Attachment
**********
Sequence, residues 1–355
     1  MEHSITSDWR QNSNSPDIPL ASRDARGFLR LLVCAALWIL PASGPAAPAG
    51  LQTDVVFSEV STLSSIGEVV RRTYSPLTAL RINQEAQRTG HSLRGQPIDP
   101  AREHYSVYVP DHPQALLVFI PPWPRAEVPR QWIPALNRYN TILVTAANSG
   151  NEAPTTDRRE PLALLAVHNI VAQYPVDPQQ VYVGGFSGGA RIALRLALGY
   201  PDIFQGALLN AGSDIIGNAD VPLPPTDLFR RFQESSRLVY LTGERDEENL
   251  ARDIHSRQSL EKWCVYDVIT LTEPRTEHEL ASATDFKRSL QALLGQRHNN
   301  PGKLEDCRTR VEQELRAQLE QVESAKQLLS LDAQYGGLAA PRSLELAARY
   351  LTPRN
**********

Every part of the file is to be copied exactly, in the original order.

Sequence, residues 1–355
     1  MEHSITSDWR QNSNSPDIPL ASRDARGFLR LLVCAALWIL PASGPAAPAG
    51  LQTDVVFSEV STLSSIGEVV RRTYSPLTAL RINQEAQRTG HSLRGQPIDP
   101  AREHYSVYVP DHPQALLVFI PPWPRAEVPR QWIPALNRYN TILVTAANSG
   151  NEAPTTDRRE PLALLAVHNI VAQYPVDPQQ VYVGGFSGGA RIALRLALGY
   201  PDIFQGALLN AGSDIIGNAD VPLPPTDLFR RFQESSRLVY LTGERDEENL
   251  ARDIHSRQSL EKWCVYDVIT LTEPRTEHEL ASATDFKRSL QALLGQRHNN
   301  PGKLEDCRTR VEQELRAQLE QVESAKQLLS LDAQYGGLAA PRSLELAARY
   351  LTPRN